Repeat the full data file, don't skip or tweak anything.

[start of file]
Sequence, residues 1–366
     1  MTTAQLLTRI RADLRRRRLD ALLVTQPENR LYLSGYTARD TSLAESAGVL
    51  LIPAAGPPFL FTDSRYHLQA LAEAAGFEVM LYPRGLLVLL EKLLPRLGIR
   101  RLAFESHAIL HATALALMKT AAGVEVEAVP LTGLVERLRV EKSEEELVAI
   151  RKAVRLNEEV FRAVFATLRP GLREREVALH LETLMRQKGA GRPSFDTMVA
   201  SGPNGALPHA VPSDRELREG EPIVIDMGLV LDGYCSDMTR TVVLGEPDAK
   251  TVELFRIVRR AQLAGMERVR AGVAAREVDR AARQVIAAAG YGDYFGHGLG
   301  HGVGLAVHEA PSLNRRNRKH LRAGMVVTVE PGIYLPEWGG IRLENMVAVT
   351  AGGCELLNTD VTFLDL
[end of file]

Sequence, residues 1–366
     1  MTTAQLLTRI RADLRRRRLD ALLVTQPENR LYLSGYTARD TSLAESAGVL
    51  LIPAAGPPFL FTDSRYHLQA LAEAAGFEVM LYPRGLLVLL EKLLPRLGIR
   101  RLAFESHAIL HATALALMKT AAGVEVEAVP LTGLVERLRV EKSEEELVAI
   151  RKAVRLNEEV FRAVFATLRP GLREREVALH LETLMRQKGA GRPSFDTMVA
   201  SGPNGALPHA VPSDRELREG EPIVIDMGLV LDGYCSDMTR TVVLGEPDAK
   251  TVELFRIVRR AQLAGMERVR AGVAAREVDR AARQVIAAAG YGDYFGHGLG
   301  HGVGLAVHEA PSLNRRNRKH LRAGMVVTVE PGIYLPEWGG IRLENMVAVT
   351  AGGCELLNTD VTFLDL